3.
Defining the jurisdiction, organization, and procedures of local government institutions.

Glossary

ACMR  CONUS
Army Court of Military Review  continental United States
MARS  CONUSA
Army Federal Acquisition Regulation  Continental United States Army
Supplement
COSCOM
AJAG  corps support command
Assistant Judge Advocate General
8
AIAG/CN  command post
Assistant Judge Advocate General for Civil
Law and Litigation  CS
combat support
AJAG/MIL
Assistant Judge Advocate General for  CSA
Military Law and Operations  Chief of Staff, United States Army
AR  CSS
Army Regulation  combat service support
ARNG  cz
Army National Guard  combat zone
ASG  DA
area support group  Department of the Army
ATCCS  DAD
Army Tactical Command and Control  Defense Appellate Division
Systems
DCSPER
BOS  Deputy Chief of Staff, Personnel
battlefield operating system
DOD
CHS  Department of Defense
common hardware and software
DOJ
CINC  Department of Justice
commander in chief
DSJA
CDNCFOR  deputy staff judge advocate
Commander in Chief, Forces Command CJA  I  emergency deployment readiness exercise
command judge advocate
EPW
a0  enemy prisoner of war
civil-military operations
EUCOM
COMMZ  United States European Command
communications zone

FAR
Federal Acquisition Regulation
FEMA
Federal Emergency Management Agency
FOA field operating agency
FORSCOM Forces Command
GAD

Government Appellate Division
GCMCA general court-martial convening authority
HHC headquarters and headquarters company
HQDA Headquarters, Department of the Army
IMA
individual mobilization augmentee
JA judge advocate
JAGC Judge Advocate General’s Corps
JAGS0 Judge Advocate General Service Organization
JCS Joint Chiefs of Staff
JRDC
joint regional defense command
JSAC joint state area command
KAPP

Key Asset Protection Program
LAAWS
Legal Automation Army-Wide System
LDC land defense of CONUS
LIC
low intensity conflict
LLM.
Master of Laws
LSC Legal Services Command
LSO legal support organization
MACOM major Army command
MCM
Manual for Courts-Martial
MET-T mission, enemy, terrain, troops, and time- available
m
military judge team
mCD
Military Support to Civil Defense
NCA National Command Authority
NCO noncommissioned officer
OCONUS outside continental limits of the United States
OPLAN operational plan

OPORD
operations order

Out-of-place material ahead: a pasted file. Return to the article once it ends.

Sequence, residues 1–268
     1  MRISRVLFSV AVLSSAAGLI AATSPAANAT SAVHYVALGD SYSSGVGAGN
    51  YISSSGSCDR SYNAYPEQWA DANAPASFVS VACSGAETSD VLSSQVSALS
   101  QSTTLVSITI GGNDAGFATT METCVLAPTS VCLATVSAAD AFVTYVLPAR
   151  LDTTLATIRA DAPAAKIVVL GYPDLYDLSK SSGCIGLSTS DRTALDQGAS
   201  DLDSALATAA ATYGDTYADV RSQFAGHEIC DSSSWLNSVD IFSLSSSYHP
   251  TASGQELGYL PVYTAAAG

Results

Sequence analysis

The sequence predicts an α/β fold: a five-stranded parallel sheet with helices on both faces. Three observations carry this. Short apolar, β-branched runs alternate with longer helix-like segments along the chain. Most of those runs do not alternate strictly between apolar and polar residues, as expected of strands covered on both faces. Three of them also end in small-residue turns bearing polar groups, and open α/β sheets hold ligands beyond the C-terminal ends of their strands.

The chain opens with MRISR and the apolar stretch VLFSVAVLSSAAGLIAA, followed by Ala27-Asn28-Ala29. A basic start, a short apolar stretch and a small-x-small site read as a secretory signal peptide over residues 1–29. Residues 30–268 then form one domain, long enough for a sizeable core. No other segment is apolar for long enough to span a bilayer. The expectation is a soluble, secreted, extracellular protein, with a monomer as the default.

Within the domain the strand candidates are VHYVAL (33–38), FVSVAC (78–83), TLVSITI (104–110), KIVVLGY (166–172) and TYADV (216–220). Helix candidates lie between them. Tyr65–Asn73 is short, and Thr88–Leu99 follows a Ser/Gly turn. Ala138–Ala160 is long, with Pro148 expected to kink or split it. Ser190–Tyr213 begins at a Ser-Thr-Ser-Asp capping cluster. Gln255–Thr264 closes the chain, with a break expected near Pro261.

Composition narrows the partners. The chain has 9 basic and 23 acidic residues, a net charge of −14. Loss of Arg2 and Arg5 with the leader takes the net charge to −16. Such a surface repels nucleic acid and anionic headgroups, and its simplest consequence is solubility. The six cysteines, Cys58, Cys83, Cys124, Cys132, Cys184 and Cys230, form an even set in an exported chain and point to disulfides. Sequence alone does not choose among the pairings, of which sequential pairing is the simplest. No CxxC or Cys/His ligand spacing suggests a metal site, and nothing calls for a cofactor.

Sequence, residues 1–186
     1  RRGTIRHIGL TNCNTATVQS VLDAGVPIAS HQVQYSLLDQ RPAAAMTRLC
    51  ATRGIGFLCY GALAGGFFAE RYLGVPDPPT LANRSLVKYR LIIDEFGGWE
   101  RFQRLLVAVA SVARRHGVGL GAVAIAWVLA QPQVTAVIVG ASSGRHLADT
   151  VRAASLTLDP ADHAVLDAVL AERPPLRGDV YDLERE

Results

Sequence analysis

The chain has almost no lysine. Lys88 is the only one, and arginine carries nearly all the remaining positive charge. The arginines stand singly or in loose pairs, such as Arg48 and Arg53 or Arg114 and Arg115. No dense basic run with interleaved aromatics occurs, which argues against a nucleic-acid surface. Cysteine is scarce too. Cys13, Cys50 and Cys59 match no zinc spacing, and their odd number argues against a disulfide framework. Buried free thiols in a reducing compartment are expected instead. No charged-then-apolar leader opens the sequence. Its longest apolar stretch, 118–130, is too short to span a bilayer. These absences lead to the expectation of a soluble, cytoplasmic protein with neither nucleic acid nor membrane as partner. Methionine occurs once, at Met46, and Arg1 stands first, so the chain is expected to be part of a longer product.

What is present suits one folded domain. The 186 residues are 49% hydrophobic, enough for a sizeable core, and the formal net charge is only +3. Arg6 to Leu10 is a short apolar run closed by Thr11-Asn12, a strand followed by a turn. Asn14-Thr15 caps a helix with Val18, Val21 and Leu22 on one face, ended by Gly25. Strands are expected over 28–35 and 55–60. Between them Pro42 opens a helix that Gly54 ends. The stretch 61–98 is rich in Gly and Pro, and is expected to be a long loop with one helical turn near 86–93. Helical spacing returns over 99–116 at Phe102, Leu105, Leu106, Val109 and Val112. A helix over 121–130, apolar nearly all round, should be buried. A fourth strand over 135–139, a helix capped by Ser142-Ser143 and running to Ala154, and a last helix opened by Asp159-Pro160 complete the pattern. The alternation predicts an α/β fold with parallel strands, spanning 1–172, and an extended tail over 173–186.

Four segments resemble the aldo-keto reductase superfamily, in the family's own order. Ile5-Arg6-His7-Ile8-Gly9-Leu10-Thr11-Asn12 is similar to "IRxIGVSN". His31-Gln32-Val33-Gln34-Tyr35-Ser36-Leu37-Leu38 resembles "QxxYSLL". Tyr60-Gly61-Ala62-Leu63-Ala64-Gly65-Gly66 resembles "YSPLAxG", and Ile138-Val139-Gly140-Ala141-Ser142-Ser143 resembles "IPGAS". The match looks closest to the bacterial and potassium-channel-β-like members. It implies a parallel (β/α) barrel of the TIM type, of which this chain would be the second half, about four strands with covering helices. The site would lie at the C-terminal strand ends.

OTJAG
Office of The Judge Advocate General

PAC
personnel administrative center

PC0
peacetime contingency operations

PKO
peacekeeping operations

POC
point of contact

POM
preparation for overseas movement

PSS
personnel service support

PSYOPS
psychological operations

RLC

regional law center

SJA
staff judge advocate

SO
special operations

SOF
special operations forces

STARC
state area command

TAACOM
theater army area command

TUG
The Assistant Judge Advocate General

TDS
United States Army Trial Defense Service

TP

task force

TJAG
The Judge Advocate General

TJAGSA
The Judge Advocate General’s School,
United States Army

UCMJ
Uniform Code of Military Justice

USAISA
United States Army Legal Services Agency

USAR
United States Army Reserve

USARCS
United States Army Claims Service

USCENTCOM
United States Army Central Command

USCMA
United States Court of Military Appeals

USSOUTHCOM
United States Army Southern Command

References

REQUIRED PUBLICATIONS

Required publications are sources that users must read or use to understand or comply with this publication.
Field Manuals

27-1

Legal Guide for Commanders

27-10

The Law of Land Warfare

27-14

Legal Guide for Soldiers

33-1

Psychological Operations

41-10

Civil AKairs Operations

80-1

Army Special Operations Forces

W14

Rear Battle

100-1

The Army

1W5

Operations

100-10

Combat Service Support

100-15

Corps Operations

100-20

Low Intensity Conflict

100-103

Command and Control for Commanders and Staff

101-5

Staff Organizations and Operations
101-5-1

Operational Terms and Symbols